How to Keep Your Child’s Minor Sports Injury From Becoming a Chronic Problem

Minor sports injuries are common among active kids who participate in sports and physical activities.

When your child suffers a minor sports injury, you may be inclined to brush it off and send them back in the game if there’s no apparent damage. However, ignoring some types of injuries can cause chronic problems such as pain and immobility in the future. For example, repeated injury to joints, tendons, and ligaments can speed up the deterioration of cartilage and result in osteoarthritis, says the Arthritis Foundation.

A child’s sports injury, no matter how minor, can threaten the health of growing bones. Orthopedic surgeon and sports medicine specialist Michael C. Russonella, DO, of North Jersey Orthopaedic & Sports Medicine Institute in Clifton and Nutley, New Jersey, has the expertise necessary to provide an accurate diagnosis and appropriate treatment plan for your child’s injury. Dr. Russonella helps your child so they can safely return to sports and avoid chronic problems in the future.

Find out what you can do to help protect your child’s future well-being when minor sports injuries occur.

Listen to your child

When your child gets hurt, listen to what your child tells you about the way they feel. If they’re in pain, insist that they stop the activity immediately to avoid further injury. This allows you to observe your child further before they resume playing.

Don’t encourage playing through pain. Minimizing a child’s reaction to pain can result in them hiding the pain, which is especially serious when it’s not visible to you or the coaches.

When pediatric fractures heal without medical attention, they can interfere with normal growth and development. Acute injuries that occur as a result of a fall, twist, or collision can damage your child’s growth plates. The growth plates, which are cartilage discs at the end of long bones in children and pre-pubescent teens, add length to bones as the cartilage discs multiply. When trauma damages a growth plate, it can stop the growing too soon and result in deformed limbs.

Get immediate medical attention

Certain symptoms warrant immediate medical attention. A head injury that results in a headache, slurred speech, or blurred vision can indicate a concussion. If your child passes out, vomits, and/or has seizures, call 911 and get emergency care right away.

You should also get medical attention for any potential fracture since it may involve your child’s growth plates. Growth plate fractures account for up to 30% of all fractures in children, according to the Pediatric Orthopaedic Society of North America (POSNA). While a bone fracture may show obvious signs of dislocation or swelling, a growth plate fracture can require an x-ray for identification.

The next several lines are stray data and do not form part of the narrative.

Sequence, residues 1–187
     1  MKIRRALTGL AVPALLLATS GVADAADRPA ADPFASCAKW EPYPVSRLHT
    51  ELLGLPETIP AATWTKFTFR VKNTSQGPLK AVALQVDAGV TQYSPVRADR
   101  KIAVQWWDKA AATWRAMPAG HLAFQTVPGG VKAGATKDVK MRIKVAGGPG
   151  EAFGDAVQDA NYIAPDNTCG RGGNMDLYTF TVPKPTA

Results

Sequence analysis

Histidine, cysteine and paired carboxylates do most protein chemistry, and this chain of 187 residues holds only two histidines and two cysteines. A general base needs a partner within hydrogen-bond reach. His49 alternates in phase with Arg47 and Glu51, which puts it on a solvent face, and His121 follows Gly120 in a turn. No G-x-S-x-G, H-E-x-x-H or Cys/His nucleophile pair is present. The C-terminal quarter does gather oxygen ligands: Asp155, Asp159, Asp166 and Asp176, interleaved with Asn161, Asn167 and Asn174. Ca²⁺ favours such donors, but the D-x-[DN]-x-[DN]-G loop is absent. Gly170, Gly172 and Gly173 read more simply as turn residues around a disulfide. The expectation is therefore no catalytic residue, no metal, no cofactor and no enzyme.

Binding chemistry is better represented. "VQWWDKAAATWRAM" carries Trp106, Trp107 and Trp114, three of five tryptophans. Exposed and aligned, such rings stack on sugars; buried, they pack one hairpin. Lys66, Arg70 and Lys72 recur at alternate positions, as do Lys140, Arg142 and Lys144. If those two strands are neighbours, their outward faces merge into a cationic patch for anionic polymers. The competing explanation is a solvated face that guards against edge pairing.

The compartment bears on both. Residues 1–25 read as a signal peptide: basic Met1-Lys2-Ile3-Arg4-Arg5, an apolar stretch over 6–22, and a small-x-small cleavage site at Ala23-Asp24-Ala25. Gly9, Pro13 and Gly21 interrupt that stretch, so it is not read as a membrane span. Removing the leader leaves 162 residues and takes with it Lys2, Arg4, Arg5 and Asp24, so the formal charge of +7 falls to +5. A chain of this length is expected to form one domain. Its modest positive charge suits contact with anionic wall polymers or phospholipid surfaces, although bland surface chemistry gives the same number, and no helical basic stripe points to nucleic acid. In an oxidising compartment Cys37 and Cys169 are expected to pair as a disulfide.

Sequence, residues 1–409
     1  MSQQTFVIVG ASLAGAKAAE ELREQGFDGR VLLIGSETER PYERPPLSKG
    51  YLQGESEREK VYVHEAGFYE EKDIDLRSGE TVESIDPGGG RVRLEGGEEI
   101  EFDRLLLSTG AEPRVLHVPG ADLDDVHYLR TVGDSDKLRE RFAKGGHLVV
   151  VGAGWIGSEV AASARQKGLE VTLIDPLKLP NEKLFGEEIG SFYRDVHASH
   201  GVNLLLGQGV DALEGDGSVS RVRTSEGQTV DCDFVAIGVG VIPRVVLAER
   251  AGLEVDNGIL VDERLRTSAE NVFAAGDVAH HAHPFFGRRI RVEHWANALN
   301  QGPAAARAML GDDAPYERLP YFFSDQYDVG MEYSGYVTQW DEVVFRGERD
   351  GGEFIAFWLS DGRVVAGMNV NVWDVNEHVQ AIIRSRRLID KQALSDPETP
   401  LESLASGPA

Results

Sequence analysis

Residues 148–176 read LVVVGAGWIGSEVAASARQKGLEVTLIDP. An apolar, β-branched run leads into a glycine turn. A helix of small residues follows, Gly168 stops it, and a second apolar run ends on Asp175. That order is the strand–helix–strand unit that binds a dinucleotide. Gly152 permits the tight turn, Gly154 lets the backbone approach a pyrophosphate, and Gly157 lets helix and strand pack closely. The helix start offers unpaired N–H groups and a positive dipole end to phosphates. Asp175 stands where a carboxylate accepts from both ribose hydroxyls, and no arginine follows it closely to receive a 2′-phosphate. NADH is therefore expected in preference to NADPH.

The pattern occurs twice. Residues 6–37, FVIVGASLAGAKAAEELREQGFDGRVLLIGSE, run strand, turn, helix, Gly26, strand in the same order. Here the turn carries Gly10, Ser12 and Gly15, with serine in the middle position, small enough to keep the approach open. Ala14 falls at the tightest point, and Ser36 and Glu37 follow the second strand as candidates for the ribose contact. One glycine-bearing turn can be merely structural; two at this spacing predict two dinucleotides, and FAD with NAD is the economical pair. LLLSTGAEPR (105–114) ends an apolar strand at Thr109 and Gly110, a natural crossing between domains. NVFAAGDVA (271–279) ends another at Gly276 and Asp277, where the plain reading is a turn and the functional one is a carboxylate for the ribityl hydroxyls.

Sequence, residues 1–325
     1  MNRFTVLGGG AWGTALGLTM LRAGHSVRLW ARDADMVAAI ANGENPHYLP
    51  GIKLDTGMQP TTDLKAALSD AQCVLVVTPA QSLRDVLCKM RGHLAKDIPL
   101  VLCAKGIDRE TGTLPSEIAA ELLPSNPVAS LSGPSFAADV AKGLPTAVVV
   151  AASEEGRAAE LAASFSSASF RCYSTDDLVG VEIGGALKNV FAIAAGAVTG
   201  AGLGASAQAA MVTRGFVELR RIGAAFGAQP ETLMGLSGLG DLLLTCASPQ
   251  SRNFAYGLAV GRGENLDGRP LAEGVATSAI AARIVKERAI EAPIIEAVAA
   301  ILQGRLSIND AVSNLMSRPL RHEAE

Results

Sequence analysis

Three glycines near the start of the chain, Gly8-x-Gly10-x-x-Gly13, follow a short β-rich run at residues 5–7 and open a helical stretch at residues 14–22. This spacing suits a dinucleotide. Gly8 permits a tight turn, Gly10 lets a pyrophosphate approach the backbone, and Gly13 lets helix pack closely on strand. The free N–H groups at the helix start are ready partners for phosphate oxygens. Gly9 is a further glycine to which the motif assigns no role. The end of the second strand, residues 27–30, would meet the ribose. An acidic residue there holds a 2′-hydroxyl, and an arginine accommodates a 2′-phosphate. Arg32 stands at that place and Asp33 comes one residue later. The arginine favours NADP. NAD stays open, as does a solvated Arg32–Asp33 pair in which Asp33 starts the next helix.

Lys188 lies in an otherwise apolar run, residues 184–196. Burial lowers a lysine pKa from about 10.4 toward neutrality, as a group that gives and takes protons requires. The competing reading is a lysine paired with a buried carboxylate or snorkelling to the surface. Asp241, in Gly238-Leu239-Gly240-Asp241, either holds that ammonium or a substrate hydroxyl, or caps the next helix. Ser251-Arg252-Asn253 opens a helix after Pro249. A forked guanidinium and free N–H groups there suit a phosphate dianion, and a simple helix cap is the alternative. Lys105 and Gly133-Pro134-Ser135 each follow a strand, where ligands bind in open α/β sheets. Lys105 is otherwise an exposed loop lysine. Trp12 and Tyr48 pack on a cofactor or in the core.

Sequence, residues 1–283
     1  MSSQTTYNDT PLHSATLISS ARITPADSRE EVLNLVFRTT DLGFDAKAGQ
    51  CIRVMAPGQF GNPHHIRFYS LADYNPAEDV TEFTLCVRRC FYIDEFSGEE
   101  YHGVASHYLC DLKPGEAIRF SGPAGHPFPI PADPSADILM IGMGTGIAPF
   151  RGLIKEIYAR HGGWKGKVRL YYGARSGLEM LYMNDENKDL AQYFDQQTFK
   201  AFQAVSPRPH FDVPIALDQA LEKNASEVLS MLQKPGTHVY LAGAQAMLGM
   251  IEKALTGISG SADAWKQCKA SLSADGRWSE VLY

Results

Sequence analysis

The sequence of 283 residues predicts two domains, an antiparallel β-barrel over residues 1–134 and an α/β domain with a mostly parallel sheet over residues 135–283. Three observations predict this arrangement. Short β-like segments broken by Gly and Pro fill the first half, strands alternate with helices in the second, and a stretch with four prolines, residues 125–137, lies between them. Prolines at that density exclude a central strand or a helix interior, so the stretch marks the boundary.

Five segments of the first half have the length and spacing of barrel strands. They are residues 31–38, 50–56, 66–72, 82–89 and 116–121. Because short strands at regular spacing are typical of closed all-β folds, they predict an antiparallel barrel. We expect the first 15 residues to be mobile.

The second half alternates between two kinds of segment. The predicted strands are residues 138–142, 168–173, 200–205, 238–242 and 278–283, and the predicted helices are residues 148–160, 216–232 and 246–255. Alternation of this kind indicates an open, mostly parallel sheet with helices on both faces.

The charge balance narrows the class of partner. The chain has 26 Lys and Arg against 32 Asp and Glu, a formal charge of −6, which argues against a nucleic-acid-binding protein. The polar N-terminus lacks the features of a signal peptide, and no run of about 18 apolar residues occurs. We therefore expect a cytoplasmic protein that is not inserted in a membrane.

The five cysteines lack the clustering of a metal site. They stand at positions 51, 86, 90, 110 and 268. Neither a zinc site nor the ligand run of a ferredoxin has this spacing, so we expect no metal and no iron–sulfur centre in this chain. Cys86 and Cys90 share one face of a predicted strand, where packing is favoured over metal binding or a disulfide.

If you suspect a growth plate injury, POSNA recommends that you have your child examined by a physician as soon as possible, within five to seven days. Children’s bones heal quickly, so non-surgical repositioning may not be possible as soon as 10 days after injury.

Follow the doctor’s orders

All types of sports injuries typically require rest and recovery. Set a good example for your child and follow treatment recommendations for healing rest.

Fractures may require splints, slings, or casts. In some cases, a fracture may require surgical repositioning. It’s important your child follows through with recommendations for physical therapy, stretching exercises, and limitations on activity to assist in recovery.

If your child had a growth plate fracture, they may require medical follow-up for up to 12 months to ensure the affected bone grows properly. While it may be difficult to endure your child’s frustration, wait for medical approval before your child resumes sports or physical activity after any treated injury to avoid the possibility of reinjury.

Avoid sports specialization

Kids’ sports injuries that occur from overuse can cause long-term chronic problems. These conditions develop when your child participates in one sport year-round, to the exclusion of other activities. Injuries that involve swelling, limb deformity, or the loss of normal function require a medical evaluation.

About half of all sports-related injuries are caused by overuse. Some of the more common overuse injuries include shin splints, swimmer’s shoulder, anterior knee pain, “little league elbow,” and “little league shoulder.”

Follow these recommendations from the American Academy of Pediatrics to help prevent overuse injuries from sports specialization:

  • Enforce taking at least one month off from a sport at least three times per year
  • Don’t let your child play the same sport more than five times in one week
  • Encourage participation in a variety of sports to help your child develop different muscle groups

Find out more about protecting your child from chronic problems while allowing them to participate in activities they enjoy. Schedule an appointment online or call one of our offices to arrange a consultation.

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